3rd Meeting of the 193rd Session (2013-2014)
Prof Tom Stevenson
In the Augustine United Church
41 George IV Bridge
Edinburgh, EH1 1EL
On Monday 2nd December 2013, at 7pm
This lecture will review some of the
developments in electronics which have had an enormous impact on
our modern lifestyle, typified by the latest generation of smart
phones. The effect of this technology on society has been similar
to that of the printing press in historical times and it could be
said to have triggered another industrial revolution, based on
the transfer and storage of information.
The invention of the transistor in 1947 was a milestone in the development of modern electronics, allowing much smaller, lighter systems to be realised with a corresponding reduction in cost and power consumption. The first integrated circuit followed in 1958, demonstrating that large numbers of transistors could be fabricated simultaneously on a common substrate. The manufacturing techniques developed rapidly and by the early 1970s we had electronic calculators as consumer products. In the 1980s the personal computer was launched, followed by the mobile phone. The drive to make devices ever smaller has continued and the integrated circuits in the latest computers may contain hundreds of millions of transistors on a piece of silicon smaller than a postage stamp. The manufacturing process for such devices – microfabrication – uses a fascinating combination of optics, chemistry, physics and high precision mechanics, operating in an ultra-clean, temperature-controlled environment. It is the most complex manufacturing process ever devised by man.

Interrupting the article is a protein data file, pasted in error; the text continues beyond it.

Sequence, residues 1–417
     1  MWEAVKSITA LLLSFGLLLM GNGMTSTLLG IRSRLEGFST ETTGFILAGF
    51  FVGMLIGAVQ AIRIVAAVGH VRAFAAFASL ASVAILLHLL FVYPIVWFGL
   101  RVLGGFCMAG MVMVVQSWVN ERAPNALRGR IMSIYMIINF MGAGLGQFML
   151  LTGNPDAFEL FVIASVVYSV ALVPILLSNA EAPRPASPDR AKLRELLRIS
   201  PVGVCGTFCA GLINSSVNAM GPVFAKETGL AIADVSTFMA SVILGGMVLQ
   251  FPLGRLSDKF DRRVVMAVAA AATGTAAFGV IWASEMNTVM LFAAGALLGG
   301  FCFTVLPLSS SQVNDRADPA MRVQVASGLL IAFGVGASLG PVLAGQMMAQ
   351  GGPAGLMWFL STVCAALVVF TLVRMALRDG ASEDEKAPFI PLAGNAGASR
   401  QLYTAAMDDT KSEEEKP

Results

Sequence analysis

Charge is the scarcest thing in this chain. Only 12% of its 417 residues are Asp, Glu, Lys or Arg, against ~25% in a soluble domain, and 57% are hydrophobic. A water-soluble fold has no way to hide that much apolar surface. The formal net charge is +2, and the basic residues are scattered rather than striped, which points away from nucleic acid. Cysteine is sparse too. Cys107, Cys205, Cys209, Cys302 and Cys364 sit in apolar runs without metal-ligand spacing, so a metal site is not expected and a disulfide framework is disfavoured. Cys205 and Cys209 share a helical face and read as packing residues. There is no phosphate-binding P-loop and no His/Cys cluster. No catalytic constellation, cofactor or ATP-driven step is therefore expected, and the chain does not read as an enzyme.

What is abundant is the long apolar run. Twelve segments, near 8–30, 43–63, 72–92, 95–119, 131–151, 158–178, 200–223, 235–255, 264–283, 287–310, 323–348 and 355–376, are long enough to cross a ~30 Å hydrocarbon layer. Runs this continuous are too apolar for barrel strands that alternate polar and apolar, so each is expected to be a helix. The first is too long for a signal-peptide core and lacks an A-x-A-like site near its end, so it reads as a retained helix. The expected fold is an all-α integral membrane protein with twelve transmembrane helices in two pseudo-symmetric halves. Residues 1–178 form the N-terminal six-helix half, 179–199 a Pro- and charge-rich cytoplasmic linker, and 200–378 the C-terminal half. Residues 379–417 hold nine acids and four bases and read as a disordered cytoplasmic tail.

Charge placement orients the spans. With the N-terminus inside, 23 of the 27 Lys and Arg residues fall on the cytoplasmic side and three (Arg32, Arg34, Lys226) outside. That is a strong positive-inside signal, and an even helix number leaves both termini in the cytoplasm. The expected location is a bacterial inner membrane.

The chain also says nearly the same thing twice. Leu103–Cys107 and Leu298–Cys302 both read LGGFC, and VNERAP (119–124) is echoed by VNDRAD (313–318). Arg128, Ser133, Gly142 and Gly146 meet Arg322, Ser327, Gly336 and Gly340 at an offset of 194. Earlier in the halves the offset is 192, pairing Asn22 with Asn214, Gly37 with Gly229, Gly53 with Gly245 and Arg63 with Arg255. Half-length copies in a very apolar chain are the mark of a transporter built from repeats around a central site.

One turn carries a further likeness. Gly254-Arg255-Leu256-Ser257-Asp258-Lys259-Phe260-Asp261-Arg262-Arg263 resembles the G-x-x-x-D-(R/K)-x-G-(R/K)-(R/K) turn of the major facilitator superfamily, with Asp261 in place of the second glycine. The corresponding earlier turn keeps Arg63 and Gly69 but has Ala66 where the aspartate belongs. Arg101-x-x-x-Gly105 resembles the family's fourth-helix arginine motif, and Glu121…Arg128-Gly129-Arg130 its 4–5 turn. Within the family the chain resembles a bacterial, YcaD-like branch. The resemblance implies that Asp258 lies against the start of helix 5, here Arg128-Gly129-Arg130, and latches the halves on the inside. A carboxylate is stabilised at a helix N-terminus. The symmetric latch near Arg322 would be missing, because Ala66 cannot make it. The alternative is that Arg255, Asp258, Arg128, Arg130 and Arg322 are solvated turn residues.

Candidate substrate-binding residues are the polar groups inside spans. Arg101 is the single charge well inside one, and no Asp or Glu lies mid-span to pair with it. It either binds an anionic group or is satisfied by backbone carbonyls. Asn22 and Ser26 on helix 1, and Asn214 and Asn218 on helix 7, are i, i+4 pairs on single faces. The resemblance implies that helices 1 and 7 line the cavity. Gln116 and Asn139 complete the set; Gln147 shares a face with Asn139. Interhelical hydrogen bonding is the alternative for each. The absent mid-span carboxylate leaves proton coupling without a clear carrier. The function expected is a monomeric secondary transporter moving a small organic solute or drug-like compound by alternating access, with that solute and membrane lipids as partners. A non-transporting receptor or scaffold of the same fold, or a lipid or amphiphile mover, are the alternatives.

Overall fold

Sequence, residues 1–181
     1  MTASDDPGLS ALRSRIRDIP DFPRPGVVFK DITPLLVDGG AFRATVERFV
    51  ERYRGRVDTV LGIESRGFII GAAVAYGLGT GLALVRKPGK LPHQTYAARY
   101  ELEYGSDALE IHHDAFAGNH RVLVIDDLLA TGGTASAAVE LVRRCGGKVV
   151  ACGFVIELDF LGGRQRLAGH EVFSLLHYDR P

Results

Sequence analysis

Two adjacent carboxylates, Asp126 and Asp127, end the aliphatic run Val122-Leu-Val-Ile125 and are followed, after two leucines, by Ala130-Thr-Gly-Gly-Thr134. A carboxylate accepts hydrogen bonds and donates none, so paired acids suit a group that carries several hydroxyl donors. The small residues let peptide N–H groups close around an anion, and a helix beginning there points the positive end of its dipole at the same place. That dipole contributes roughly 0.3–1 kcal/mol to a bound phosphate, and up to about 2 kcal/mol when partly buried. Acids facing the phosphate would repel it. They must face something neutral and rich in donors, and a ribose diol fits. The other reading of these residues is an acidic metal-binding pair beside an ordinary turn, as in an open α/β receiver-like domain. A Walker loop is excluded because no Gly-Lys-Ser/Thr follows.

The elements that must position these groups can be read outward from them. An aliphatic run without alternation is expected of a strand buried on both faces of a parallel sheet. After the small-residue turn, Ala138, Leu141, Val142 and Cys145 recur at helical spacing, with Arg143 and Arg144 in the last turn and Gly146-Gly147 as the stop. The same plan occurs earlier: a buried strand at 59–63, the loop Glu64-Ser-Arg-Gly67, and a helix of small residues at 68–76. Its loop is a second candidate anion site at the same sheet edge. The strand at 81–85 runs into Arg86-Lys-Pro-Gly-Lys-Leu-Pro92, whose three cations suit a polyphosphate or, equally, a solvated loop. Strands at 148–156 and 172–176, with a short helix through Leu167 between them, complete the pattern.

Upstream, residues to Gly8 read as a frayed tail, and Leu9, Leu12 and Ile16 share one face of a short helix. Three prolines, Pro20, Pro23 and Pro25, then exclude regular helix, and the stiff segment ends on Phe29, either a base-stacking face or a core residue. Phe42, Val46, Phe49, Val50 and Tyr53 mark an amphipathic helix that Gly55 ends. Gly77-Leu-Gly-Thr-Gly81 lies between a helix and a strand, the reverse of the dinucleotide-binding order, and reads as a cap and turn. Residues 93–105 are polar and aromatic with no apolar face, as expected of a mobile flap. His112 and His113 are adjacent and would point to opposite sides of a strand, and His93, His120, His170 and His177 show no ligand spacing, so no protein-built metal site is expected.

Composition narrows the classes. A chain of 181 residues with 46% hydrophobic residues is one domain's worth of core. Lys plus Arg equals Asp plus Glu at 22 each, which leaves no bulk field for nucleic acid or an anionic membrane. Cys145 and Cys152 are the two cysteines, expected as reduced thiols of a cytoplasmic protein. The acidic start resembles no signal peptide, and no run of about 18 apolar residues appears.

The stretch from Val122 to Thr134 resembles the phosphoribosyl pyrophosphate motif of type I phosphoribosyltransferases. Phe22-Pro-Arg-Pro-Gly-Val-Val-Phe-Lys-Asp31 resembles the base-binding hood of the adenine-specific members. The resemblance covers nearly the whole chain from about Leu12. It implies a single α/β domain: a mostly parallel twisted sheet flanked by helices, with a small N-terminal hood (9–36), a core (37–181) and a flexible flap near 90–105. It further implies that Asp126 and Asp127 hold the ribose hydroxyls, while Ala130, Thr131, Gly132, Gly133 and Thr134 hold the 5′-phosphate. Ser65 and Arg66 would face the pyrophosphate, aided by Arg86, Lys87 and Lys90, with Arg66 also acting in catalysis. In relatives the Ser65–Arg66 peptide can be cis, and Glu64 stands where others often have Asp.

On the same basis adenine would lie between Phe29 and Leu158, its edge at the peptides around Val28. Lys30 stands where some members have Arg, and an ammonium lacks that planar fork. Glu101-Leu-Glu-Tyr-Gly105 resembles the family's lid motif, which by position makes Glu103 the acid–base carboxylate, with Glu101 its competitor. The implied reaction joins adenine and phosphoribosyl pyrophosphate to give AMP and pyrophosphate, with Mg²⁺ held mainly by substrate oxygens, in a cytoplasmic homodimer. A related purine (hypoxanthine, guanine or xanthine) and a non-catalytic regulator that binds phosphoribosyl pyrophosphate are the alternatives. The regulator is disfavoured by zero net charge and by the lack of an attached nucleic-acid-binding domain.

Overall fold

Looking ahead, there are indeed physical limits to miniaturisation but they have not yet been reached. We are likely to see even more complex devices appearing at prices that make them attractive to the consumer and there will be new applications in other fields, particularly in medicine and health care. The future looks good!
Tom Stevenson retired at the end of 2012 from the University of Edinburgh where he held a Personal Chair in Microelectronics Technology. Prior to joining the University of Edinburgh, he worked for Ferranti and Wolfson Microelectronics. He has been involved with the Museum of Communication [MoC] for over 20 years, having been a colleague and friend of the founder of the collection, Harry Matthews. He has been active in communicating science to the general public for many years through Museum activities and by taking part in Science Festivals at various locations from Carlisle to Aberdeen. He has taken an active part in the Orkney Science Festival every year since it was founded in 1991.
Complimentary tea, coffee and biscuits are served from about 6:40pm onwards before the meetings.
Members of the Public are welcome to attend
Dr Jane Ridder-Patrick, Secretary
Telephone: 0131 556 2161
The Royal Scottish Society of Arts is Registered Scottish Charity SC015549